So, what’s the big deal about lithium anyway?

The role of lithium in B12 transport into the cell is critically important.  Peer reviewed work by Tisman, Herbert, and Rosenblatt, published in the British Journal of Haematology, was the first to illustrate that ingestion of lithium is related to B12 binding, B12 binding being necessary for methyl group formation.

Continuing this research, Vanyo and coworkers in Lithium in Biology and Medicine, discuss the finding that lack of lithium and B12 deficiency share physiological features. Supplementation with lithium enhances B12 transport into cells. According to these researchers, lithium is associated with elevated levels of serum B12 binding capacity. Furthermore, this group was able to show that lithium increases the transport of folate into the cell, as well as that of B12.

Additional peer reviewed work by Schrauzer, Biological Trace Element Research, also supports the role of lithium in B12 transport. The addition of lithium was shown by these researchers to lower elevated serum B12 levels, again illustrating lithium’s effecting B12 transport into cells.

Based on this research, it is important to know your lithium levels. When lithium is low and/or serum B12 is particularly high, use lithium supplementation prior to adding more B12. Increasing B12 in the absence of lithium may further deplete lithium levels due to the use of lithium to aid in the transport of the added B12. Ideally, lithium should be in balance prior to adding excess B12 so as not to create lithium depletion.

Lithium plays a range of additional roles in your body aside from B12 and folate transport into your cells, so it is important not to deplete this pivotal trace mineral. Lithium’s impact on mood stabilization has been known and used clinically for many years, despite the fact that the mechanism by which this occurs has not been fully elaborated. Norepinephrine imbalances have been implicated in attention disorders, and researchers have illustrated an impact of lithium on balancing norepinephrine levels.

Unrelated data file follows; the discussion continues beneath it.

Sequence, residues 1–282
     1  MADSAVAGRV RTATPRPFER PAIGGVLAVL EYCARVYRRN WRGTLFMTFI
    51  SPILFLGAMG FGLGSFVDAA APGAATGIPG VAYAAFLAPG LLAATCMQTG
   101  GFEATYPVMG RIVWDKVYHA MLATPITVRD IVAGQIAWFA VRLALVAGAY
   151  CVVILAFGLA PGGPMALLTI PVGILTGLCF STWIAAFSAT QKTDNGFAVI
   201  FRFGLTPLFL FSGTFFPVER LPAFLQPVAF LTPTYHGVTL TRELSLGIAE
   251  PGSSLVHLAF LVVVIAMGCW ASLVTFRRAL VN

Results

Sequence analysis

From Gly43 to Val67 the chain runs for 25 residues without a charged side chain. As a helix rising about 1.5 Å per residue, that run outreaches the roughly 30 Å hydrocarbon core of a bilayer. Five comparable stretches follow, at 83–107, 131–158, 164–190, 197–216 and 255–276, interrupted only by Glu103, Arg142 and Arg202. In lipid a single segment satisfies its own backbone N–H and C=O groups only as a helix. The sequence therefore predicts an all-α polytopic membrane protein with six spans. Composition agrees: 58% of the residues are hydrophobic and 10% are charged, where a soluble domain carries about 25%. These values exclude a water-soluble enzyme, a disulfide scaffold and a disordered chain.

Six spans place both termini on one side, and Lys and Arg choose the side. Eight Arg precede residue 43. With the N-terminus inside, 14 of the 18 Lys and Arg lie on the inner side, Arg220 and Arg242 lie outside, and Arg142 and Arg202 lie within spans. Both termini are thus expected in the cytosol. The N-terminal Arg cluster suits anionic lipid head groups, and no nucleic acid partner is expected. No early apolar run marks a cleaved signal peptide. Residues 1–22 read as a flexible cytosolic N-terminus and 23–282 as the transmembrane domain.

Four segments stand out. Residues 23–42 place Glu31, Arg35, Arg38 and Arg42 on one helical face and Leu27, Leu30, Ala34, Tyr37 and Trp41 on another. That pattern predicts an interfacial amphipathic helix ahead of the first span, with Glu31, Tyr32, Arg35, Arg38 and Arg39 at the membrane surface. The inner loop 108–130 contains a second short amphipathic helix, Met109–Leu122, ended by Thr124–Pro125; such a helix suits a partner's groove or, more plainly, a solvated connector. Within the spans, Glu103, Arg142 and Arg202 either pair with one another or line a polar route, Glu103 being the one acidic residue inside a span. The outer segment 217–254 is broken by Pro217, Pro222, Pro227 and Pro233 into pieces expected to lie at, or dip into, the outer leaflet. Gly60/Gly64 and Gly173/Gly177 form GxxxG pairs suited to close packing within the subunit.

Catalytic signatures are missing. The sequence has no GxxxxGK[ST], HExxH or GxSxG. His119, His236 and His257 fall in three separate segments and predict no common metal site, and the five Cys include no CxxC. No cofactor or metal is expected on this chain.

Researchers have noted and published effects from lithium on neurological conditions. Beta amyloid may play a role in Alzheimers Disease, and lithium has been shown to have neuroprotective effects against beta amyloid.  Research from Spain illustrates that lithium has a positive impact on neural repair after traumatic injury. Other research shows that lithium can enable mitochondrial function.

A need for support for the mitochondrial energy cycle may also be seen with low lithium. Support for mitochondrial energy production can include Mitoforce, ATP, Riboflavin 5 phosphate, NADH, and Krebs minerals.

(Excerpted from Feel Good Biochemistry by Dr. Amy Yasko. http://www.FeelGoodBiochem.com.)

Dr. Mullan would like to invite you to her Open Forum which is held on  Tuesday night at 5:00 PM Pacific Time (8:00 PM Eastern Daylight Time, 7:00 PM Central, 6:00 PM Mountain) in order to answer your questions and introduce you to her work. You may be checking her out to see if you would like to consult her. Or you may not have the option of working with her, but would still like to get her information. 

The call in number is (605) 562-3140, and the access code is 691392#.

When you hear Dr. Mullan come on the line, press *6 to get into the question and answer line if you have a question.

This program is not recorded.  International call in numbers are linked here.

Thank you for your interest in Dr Mullan’s work.

Nancy Mullan MD

Author, lecturer, clinician
Dr. Nancy Mullan is best known for her natural treatment of chronic illness, including Autism Spectrum Disorders, Lyme and MTHFR+.

2829 Burbank Blvd., Suite 202, Burbank, CA  91505
T: (818) 954-9267 – F: (818) 954-0620

NancyMullanMD@aol.com
http://www.NancyMullanMD.com
http://www.NancyMullanMD.com/blog

 

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About Nancy Mullan, MD

Some people call Dr. Nancy Mullan the MTHFR genetic medicine expert. Dr. Mullan works with people who are struggling with chronic disease or other significant illness, who are willing to use diet and genetics-based nutritional supplementation, and who want to increase wellbeing and energy, enhance immunity, lift mood, fine-tune genetic function, and get their lives back. Dr. Mullan has studied at a number of exceptional institutions: the University of Pennsylvania, Tufts University School of Medicine, and the University of Chicago Hospitals and Clinics. She excels at integrating the results of biochemical and genetic testing into sustained clinical improvement for you. She has succeeded with patients who confounded the specialists at Massachusetts General Hospital, the Mayo Clinic, the Cleveland Clinic, Stanford, and many well-known integrative medical doctors. When recommending her, her patients say, “This is the woman you need to talk to. She really knows how to handle tough clinical problems.” Dr. Mullan's specialty areas are MTHFR+, methylation genetics, and genetics-based nutritional supplementation. Within this context, she most often works with Chronic Fatigue Syndrome, Lyme Disease, Psychiatric Disorders, Autism Spectrum Disorders, Women’s Health Issues, Thyroid Disorder, Gastrointestinal Disorder, and Heavy Metal Toxicity.
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